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RxVIPER: The Best of Both Worlds

Discussing how the Linguistic iOS team uses both RxSwift and VIPER to create a reactive modular architecture

Tyler Nickerson
Tyler NickersonJun 3, 2020 • 13 min read

👩‍💻 If you're just looking for code to copy, check out our public RxVIPER Xcode template

VIPER (View, Interactor, Presenter, Entity, and Router) has long been the go-to architecture for iOS developers everywhere. While we here at Linguistic love VIPER, we realize that the mobile landscape is changing, especially with the recent introduction of new iOS concepts such as Combine and SwiftUI (cue the Bob Dylan). iOS development is becoming more reactive, and as iOS paradigms change the architectures associated with them do as well.

To be honest, when we first heard the news, we panicked: “So Apple ripped off RxSwift? Does that mean Model-View-ViewModel (MVVM) is now the official architecture of iOS? Did we make a mistake choosing VIPER?”

However, we quickly realized that the concept of ViewModels, just like Views, Interactors, and Presenters are just that: concepts. They are all components that build an architecture, and do not inherently contain conflicting ideologies. After all, both MVVM and VIPER are designed to separate business logic from view logic, with the latter simply being slightly more verbose than the prior.

So we started to ask ourselves: if iOS is going all-in on reactive programming, how can we adopt our VIPER architecture to a reactive model without having to choose between MVVM and VIPER? Is it possible, and how do we continue to enforce the contracts set forth by each architecture?

After several rounds of research, we landed on a terrific article by Tibor Bödecs, outlining a VIPER approach using SwiftUI and Combine. Given how young SwiftUI still is, we deemed it best to hedge our bets with our current infrastructure of UIKit and RxSwift. The result was VVMMIPER, an architecture whose name doesn't really “roll off the tongue”. So let's call it RxVIPER: Reactive VIPER.

Here's what it looks like:

At first glance, this diagram looks strikingly similar to plain old VIPER, with the exception of two new elements: ViewModel and Module.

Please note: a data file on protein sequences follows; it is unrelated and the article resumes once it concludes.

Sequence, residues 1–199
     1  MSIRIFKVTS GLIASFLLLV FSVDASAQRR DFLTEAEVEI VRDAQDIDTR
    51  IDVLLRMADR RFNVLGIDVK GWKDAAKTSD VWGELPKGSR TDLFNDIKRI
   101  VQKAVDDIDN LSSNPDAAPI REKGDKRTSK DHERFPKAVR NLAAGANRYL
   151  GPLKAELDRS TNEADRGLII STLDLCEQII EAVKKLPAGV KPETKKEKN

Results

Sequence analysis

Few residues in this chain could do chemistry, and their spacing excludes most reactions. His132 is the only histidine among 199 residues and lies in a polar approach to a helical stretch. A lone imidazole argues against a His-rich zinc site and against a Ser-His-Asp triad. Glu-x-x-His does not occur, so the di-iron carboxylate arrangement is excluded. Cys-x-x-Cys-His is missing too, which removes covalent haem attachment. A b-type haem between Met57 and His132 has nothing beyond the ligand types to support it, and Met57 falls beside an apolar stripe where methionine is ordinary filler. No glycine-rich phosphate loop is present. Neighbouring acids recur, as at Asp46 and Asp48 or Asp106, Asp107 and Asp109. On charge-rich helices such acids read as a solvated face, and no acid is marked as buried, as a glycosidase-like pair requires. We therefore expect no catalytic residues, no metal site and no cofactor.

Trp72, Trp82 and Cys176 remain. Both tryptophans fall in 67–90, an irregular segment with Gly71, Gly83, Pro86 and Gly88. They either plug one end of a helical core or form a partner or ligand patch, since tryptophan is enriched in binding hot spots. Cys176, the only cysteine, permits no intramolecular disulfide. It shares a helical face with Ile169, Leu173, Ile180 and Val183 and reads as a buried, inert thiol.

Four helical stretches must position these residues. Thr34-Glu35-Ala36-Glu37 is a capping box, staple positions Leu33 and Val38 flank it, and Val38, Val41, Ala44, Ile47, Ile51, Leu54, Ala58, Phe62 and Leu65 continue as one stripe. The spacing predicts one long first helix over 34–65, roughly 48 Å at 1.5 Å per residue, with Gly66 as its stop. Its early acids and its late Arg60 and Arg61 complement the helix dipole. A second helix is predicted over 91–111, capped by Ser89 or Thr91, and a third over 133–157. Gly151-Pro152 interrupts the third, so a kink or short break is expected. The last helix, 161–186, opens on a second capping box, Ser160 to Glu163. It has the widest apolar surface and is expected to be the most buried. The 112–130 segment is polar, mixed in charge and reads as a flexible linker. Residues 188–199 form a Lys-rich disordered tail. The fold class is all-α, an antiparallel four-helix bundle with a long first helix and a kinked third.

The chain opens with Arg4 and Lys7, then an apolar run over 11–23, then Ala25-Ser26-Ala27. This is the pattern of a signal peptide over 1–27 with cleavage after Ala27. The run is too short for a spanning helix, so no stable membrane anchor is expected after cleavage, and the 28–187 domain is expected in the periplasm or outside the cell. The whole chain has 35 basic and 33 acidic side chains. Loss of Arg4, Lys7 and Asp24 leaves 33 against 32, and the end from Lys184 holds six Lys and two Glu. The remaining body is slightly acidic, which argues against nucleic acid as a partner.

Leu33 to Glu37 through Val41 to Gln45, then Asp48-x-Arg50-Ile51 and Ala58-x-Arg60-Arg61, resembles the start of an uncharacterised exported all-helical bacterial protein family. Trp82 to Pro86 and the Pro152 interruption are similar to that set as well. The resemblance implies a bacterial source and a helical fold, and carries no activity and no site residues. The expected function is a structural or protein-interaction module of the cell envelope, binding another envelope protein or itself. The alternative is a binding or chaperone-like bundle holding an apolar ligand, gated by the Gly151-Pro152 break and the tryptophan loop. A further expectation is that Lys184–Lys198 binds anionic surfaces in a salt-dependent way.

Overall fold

The ViewModel & Module


The core concept borrowed from MVVM is the VM: ViewModel. A view model is a data class (in this case a Swift struct) that contains RxSwift Relays and Subjects that act as the bridge between the Presenter and View (for information on Relays and Subjects classes, see here and here). In most cases, the Presenter  pushes data into the ViewModel and the View consumes it. The one exception to this rule, at least in our case, is the concept of UI “action triggers”.

Let's look at an example.

Below we have some code for Linguistic user profiles. All the view does is load the user profile picture into a UIImageView (Presenter → View) and triggers an image selection modal for changing the profile picture when you tap it (View → Presenter).

We start by looking at the ViewModel struct that will allow for communication between the View and the Presenter.

// ProfileViewModel.swift

import Foundation
import RxSwift
import RxRelay

// MARK: - UI Actions

public enum ProfileAction {
  case .changeProfilePicture

// MARK: - ViewModel

public struct ProfileViewModel {
  let actionTrigger = PublishRelay<ProfileAction>()
  let profilePicture = BehaviorRelay<UIImage?>(value: nil)

We define all UI actions (such as tapping the profile picture) via the enum ProfileAction, then emit them via a PublishRelay. We store the profile picture as an optional UIImage  inside a BehaviorRelay, which has an initial value of nil.

Over in the View, we set up our Rx bindings to/from the ViewModel during our viewDidLoad method:

// ProfileView.swift

import Foundation
import UIKit
import RxSwift
import RxCocoa

final class ProfileView: UIViewController, ViewInterface {
  var viewModel: ProfileViewModel!
  var presenter: ProfilePresenter!

  private let disposeBag = DisposeBag()

  // ...UI setup code omitted...

  override func viewDidLoad() {

    // Map all taps of the UIImage to an action trigger
    // and bind it to the ViewModel
      .map { ProfileAction.changeProfilePicture }
      .bind(to: viewModel.actionTrigger)
      .disposed(by: disposeBag)

    // Bind the profile picture stored in the ViewModel
    // to the profile picture UIImageView
      .bind(to: profilePictureImageView.rx.image)
      .disposed(by: disposeBag)


Notice that we call the viewDidLoad() method on the Presenter last. This is important because we need to ensure the View is bound to the ViewModel before the Presenter consumes or listens to any data from it. We can then use a little Rx magic to wire the View up to the ViewModel.

Now we have the remote profile picture bound to the UIImageView's image, and when the image view is tapped, an action trigger is published telling the Presenter to handle the action.

💡 A Quick Side Note

What else is great about view models in VIPER is now we can just pass the entire view model to any custom subviews and use RxSwift bindings to automatically update their UI when data changes from the Presenter:

let customView = MyCustomView(viewModel: self.viewModel)

Finally, let's take a look at how the Presenter handles all this:

// ProfilePresenter.swift